Oil-rich Nigeria has been hobbled by political instability, corruption, inadequate infrastructure, and poor macroeconomic management, but in 2008 began pursuing economic reforms. Nigeria's former military rulers failed to diversify the economy away from its overdependence on the capital-intensive oil sector, which provides 95% of foreign exchange earnings and about 80% of budgetary revenues.
Following the signing of an IMF stand-by agreement in August 2000, Nigeria received a debt-restructuring deal from the Paris Club and a $1 billion credit from the IMF, both contingent on economic reforms. Nigeria pulled out of its IMF program in April 2002, after failing to meet spending and exchange rate targets, making it ineligible for additional debt forgiveness from the Paris Club. In November 2005, Abuja won Paris Club approval for a debt-relief deal that eliminated $18 billion of debt in exchange for $12 billion in payments - a total package worth $30 billion of Nigeria's total $37 billion external debt.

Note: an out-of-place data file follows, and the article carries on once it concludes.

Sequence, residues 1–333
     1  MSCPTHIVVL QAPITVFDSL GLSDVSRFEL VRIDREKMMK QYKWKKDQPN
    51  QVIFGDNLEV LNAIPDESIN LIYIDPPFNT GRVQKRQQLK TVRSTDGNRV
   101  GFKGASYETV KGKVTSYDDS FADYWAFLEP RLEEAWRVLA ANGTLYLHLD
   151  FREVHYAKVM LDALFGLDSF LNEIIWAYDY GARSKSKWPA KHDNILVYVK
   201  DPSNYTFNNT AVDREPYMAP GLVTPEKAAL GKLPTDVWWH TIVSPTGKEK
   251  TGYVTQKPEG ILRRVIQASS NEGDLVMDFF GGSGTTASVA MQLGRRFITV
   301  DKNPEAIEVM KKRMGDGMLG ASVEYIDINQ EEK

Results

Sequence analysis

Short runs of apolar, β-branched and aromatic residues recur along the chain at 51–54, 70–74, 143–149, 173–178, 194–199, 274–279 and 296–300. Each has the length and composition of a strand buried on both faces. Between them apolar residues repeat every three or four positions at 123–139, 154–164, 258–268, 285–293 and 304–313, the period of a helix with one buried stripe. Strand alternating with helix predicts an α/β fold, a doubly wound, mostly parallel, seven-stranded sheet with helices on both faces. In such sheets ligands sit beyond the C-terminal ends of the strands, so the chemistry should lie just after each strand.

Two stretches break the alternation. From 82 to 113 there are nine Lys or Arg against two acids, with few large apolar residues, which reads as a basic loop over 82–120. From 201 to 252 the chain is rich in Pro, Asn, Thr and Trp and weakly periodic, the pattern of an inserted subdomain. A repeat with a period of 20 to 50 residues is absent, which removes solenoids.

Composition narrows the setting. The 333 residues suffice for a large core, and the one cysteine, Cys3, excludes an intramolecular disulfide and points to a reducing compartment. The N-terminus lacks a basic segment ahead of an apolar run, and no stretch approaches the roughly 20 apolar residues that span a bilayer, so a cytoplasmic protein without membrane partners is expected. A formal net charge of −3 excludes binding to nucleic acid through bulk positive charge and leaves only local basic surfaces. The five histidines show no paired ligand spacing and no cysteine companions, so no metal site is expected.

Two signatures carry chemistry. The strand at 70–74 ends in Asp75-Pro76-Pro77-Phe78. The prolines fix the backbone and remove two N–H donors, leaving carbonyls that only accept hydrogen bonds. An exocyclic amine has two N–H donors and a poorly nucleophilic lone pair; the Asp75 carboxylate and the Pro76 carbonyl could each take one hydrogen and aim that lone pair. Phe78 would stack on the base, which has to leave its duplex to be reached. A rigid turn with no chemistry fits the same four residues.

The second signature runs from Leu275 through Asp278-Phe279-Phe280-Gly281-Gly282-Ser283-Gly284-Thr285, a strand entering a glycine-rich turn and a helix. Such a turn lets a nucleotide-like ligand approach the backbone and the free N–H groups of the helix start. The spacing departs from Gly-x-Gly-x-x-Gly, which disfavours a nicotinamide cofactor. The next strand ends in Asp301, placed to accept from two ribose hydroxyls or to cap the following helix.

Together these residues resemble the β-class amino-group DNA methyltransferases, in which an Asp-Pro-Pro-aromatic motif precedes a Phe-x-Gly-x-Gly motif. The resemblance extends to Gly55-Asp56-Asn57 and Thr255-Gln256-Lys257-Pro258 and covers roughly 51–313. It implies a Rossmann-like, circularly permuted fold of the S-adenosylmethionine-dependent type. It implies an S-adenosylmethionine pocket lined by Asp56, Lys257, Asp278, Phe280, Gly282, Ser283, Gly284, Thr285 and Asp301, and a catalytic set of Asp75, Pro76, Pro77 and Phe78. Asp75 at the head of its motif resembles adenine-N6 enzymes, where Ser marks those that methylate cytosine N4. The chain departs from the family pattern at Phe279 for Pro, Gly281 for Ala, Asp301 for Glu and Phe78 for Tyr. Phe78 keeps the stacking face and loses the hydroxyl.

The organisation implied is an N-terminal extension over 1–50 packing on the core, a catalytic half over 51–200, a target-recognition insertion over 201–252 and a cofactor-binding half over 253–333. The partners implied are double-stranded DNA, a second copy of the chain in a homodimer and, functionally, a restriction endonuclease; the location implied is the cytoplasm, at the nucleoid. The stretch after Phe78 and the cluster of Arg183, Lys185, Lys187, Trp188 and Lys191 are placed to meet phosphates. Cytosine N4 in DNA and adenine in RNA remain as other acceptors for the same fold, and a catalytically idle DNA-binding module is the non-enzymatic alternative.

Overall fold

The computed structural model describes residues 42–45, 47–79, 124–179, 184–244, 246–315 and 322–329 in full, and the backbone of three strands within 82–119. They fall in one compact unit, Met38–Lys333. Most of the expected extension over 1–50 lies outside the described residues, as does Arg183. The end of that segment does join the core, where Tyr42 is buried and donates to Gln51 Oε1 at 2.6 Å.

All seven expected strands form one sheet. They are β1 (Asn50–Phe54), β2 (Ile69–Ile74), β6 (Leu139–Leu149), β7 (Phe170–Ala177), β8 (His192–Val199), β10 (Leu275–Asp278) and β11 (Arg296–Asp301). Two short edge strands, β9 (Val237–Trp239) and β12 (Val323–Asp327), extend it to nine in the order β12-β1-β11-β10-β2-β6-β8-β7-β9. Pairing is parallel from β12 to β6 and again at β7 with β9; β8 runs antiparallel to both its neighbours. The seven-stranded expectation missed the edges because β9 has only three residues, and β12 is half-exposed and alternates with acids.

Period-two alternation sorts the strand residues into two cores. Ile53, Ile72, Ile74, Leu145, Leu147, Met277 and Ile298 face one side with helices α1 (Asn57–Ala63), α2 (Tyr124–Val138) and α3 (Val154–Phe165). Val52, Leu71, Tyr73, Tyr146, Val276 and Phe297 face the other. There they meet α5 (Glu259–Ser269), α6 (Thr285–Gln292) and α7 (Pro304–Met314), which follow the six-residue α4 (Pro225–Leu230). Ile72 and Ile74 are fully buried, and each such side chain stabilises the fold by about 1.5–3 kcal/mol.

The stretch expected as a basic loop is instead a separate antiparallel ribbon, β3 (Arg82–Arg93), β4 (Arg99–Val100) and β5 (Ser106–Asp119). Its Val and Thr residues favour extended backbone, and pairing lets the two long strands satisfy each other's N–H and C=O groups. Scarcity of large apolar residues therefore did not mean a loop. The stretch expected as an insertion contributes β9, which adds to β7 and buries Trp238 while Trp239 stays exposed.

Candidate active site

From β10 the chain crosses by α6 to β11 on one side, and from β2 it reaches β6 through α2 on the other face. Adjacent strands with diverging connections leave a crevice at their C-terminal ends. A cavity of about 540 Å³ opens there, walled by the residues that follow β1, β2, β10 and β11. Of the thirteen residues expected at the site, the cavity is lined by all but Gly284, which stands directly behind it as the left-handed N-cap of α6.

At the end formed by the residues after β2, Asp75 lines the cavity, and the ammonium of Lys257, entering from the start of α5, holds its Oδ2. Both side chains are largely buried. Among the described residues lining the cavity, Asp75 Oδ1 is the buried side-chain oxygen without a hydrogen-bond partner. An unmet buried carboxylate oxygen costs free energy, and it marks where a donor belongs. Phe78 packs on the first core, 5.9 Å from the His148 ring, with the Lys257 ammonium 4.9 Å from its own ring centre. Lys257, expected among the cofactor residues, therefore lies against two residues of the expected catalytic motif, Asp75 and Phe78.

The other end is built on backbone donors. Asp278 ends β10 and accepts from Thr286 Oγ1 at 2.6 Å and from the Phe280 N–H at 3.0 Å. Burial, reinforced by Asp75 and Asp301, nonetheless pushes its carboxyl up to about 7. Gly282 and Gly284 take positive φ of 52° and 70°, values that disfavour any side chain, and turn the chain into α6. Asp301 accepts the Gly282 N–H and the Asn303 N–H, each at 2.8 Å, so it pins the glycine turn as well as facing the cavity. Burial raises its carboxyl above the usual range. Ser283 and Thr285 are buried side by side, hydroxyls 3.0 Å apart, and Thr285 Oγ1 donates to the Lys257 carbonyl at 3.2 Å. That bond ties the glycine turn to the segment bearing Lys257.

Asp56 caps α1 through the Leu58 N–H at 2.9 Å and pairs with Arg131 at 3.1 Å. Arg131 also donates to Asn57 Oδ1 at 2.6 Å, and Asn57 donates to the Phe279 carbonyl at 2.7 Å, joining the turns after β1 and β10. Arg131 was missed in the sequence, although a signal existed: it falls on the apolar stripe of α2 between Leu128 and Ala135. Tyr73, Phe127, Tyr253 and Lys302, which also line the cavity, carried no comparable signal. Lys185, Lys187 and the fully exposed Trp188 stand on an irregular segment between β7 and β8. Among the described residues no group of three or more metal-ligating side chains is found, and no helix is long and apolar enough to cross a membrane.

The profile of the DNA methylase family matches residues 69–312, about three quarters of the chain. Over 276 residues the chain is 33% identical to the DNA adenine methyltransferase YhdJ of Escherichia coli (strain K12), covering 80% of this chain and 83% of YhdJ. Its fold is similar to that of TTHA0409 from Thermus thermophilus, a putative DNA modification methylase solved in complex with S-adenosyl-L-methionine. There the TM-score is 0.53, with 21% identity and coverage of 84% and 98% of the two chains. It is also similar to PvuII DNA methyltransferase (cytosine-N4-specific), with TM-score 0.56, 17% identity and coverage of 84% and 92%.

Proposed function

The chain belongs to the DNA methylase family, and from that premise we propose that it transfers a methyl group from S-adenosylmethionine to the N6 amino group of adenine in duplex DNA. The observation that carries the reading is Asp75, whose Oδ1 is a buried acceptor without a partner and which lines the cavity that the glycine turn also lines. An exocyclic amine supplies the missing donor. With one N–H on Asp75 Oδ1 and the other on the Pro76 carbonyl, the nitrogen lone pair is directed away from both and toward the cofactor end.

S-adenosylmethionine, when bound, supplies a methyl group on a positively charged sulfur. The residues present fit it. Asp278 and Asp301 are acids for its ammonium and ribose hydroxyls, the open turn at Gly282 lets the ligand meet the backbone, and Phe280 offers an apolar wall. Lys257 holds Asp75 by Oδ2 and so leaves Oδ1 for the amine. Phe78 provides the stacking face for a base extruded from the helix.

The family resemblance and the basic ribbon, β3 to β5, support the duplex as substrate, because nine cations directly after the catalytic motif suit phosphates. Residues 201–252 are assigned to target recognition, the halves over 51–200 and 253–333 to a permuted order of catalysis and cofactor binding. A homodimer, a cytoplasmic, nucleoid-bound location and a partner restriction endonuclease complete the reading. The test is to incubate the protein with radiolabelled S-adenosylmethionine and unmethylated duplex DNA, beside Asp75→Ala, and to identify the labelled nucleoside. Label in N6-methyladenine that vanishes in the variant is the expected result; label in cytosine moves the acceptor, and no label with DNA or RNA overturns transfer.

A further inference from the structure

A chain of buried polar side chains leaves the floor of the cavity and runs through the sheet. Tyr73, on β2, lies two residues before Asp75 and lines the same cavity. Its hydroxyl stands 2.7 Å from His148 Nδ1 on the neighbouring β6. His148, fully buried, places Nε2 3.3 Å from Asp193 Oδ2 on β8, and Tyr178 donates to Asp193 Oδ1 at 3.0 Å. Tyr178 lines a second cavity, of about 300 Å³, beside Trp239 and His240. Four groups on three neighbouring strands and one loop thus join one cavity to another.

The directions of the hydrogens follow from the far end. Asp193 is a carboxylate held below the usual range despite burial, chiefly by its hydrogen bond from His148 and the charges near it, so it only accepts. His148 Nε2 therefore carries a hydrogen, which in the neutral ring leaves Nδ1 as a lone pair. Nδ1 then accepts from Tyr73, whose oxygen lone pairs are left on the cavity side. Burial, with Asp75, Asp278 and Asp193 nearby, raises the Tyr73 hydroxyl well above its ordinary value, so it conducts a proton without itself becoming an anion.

Since 2008 the government has begun to show the political will to implement the market-oriented reforms urged by the IMF, such as modernizing the banking system, removing subsidies, and resolving regional disputes over the distribution of earnings from the oil industry.
GDP rose strongly in 2007-12 because of growth in non-oil sectors and robust global crude oil prices. President Jonathan has established an economic team that includes experienced and reputable members and has announced plans to increase transparency, diversify economic growth, and improve fiscal management. Lack of infrastructure and slow implementation of reforms are key impediments to growth. The government is working toward developing stronger public-private partnerships for roads, agriculture, and power.
Nigeria's financial sector was hurt by the global financial and economic crises, but the Central Bank governor has taken measures to restructure and strengthen the sector to include imposing mandatory higher minimum capital requirements. (Source: World Factbook, 2013)